"unittest": "mocha test/**/*.spec.js --timeout 20000"

    After adding these scripts, you are able to run the tests by running one of these commands from the command-line:

    npm run testCompiles the app settings, converts the forms,then runs the tests (preferred solution).
    npm run unittestOnly runs the unit tests.

    You can also run the test on a specific form by defining a test under the scripts section.

    For example, to run the test on the death.spec.js file, define the test as death-form-unit-test: "mocha test/forms/death.spec.js --timeout 20000". Then run:

       npm run death-form-unit-test

    npm also supports a shorter alias as npm test. There are recommended conventions on how to arrange tests by splitting into unit tests and integration tests so that each of them can be run independently. This can be best illustrated by this project code.

  4. Create a folder in the project root where you keep the tests. You can name the folder yourself. In this case it is named ’test’.

  5. Create a file harness.defaults.json at the root of your project. This is the default configuration file for the harness. Here you can specify the default user, preloaded contacts and reports, and add other settings. Here’s an example file to get you started. You can read more about it here.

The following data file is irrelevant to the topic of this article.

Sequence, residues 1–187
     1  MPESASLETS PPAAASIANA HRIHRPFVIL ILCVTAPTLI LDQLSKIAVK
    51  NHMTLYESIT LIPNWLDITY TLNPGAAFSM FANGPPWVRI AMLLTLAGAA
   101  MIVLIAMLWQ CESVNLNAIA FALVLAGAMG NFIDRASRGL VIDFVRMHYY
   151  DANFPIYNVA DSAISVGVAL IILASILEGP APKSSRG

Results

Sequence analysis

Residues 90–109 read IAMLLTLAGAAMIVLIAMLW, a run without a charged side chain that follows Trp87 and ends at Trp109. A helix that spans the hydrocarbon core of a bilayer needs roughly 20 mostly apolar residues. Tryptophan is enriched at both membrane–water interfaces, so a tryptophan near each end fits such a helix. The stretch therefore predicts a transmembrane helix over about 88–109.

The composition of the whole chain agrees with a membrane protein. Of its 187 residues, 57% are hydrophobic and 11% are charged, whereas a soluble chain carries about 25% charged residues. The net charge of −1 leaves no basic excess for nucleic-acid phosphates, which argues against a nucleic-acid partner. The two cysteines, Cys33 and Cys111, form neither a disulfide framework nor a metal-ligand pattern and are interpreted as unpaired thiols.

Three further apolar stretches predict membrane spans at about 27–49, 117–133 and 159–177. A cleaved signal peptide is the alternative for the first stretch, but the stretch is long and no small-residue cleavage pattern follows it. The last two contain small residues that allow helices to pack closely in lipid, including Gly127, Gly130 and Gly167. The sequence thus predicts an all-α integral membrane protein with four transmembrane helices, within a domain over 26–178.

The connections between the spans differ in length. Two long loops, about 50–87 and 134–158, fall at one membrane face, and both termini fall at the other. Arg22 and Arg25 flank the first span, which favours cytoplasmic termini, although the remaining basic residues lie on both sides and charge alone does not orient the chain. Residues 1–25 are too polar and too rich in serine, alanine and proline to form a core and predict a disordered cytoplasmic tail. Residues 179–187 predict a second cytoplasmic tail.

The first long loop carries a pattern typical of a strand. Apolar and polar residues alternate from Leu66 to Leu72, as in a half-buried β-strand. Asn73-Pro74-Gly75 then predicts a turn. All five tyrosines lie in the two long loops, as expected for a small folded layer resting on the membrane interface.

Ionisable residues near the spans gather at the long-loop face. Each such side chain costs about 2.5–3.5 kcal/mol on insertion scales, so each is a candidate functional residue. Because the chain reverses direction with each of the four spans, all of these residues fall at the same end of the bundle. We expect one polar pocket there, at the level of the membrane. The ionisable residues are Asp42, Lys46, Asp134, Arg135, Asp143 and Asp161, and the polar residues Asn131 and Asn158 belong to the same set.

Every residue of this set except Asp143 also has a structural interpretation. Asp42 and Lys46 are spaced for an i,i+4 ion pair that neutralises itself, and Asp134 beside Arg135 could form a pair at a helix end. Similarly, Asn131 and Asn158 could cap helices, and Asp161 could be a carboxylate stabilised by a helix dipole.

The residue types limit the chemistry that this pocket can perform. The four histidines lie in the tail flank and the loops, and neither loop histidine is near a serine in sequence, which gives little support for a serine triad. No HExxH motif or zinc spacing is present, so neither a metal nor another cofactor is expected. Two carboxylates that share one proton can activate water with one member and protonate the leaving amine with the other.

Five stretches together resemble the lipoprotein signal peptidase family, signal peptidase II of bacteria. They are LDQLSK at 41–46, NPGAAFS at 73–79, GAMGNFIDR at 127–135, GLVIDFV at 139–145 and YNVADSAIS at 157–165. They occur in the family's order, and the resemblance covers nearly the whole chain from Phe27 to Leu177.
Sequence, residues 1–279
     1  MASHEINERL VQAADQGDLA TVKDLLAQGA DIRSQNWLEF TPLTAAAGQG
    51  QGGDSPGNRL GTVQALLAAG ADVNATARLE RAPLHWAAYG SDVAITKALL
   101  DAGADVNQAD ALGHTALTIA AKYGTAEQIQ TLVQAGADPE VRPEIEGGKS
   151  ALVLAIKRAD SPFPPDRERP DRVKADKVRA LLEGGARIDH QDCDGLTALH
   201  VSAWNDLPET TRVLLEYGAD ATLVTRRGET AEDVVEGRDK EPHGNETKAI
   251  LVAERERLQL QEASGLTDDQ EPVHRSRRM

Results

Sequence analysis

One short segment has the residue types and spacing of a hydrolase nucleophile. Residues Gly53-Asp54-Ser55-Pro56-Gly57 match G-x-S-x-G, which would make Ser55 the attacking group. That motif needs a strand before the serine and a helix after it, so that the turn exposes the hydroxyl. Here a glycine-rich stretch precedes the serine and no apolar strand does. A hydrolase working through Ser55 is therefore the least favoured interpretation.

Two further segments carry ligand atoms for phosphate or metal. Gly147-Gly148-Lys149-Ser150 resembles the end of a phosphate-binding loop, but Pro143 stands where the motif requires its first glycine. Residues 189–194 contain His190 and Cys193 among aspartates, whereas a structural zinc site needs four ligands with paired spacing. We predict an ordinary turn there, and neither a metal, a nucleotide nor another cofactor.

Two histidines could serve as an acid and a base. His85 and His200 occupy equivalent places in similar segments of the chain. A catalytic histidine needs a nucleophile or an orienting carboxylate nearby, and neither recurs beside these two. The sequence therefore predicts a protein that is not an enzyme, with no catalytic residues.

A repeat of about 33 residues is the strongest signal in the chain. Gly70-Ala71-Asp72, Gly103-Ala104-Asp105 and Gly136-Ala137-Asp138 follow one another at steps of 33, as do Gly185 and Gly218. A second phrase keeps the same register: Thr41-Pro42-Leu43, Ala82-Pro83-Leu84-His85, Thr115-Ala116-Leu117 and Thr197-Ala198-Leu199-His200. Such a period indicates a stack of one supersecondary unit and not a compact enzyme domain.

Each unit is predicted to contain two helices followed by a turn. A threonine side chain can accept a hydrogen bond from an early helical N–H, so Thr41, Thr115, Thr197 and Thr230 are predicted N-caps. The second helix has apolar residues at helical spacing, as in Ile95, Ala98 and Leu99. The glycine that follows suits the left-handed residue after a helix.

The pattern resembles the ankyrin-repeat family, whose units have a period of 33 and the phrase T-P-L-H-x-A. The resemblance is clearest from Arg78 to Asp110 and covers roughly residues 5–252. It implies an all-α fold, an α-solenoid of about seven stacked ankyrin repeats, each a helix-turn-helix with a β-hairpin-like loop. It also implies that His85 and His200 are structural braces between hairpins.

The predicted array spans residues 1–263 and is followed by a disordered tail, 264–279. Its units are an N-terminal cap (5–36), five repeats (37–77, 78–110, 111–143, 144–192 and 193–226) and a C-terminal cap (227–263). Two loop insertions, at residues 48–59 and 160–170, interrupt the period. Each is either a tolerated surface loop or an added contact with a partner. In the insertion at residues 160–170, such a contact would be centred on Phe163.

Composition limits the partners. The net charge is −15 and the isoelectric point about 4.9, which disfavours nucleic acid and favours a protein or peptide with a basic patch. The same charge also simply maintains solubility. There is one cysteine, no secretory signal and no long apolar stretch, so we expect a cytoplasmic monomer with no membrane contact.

Writing a test for CHT App

Start by adding a file where a group of related tests are written. For example, in the default config, all tests for the pregnancy form are in the pregnancy.spec.js file. The common naming pattern for CHT applications test files is filename.spec.js. In JavaScript testing, spec is short for specifications which refers to technical details of a given application, that must be fulfilled.

Let’s introduce some important sections from a typical test file:

const TestRunner = require('cht-conf-test-harness');
const harness = new TestRunner();

In the example above, we define variables TestRunner and harness. TestRunner imports the Harness class and harness creates an instance of the class that is used throughout the test file.

You can also pass parameters to the TestRunner() when instantiating:

// For detailed console logs
const harness = new TestRunner({ verbose: true });

Other useful options are:

  1. { headless: false } - Passed to puppeteer, launches browser with GUI. Helpful to see how the form is getting filled.
  2. { harnessDataPath: ''}: Specify different harness configuration

You can find more harness options and examples here.

You need to start the harness before running tests and stop it after the use. To handle start and stop of harness, place following statements in before() and after() hooks of the test suite.

describe('PNC form tests', () => {
  before(async () => { return await harness.start(); });
  after(async () => { return await harness.stop(); });

Any logic that you want to execute before and after each test can be placed in the beforeEach() and afterEach() hooks. This section ensures that the harness is reset to default before or after each run.

In the example below, the logic is to clear the state of the harness and set the date to ‘2000-01-01’ before each test run:

    async () => {
      await harness.clear();
      await harness.setNow('2000-01-01');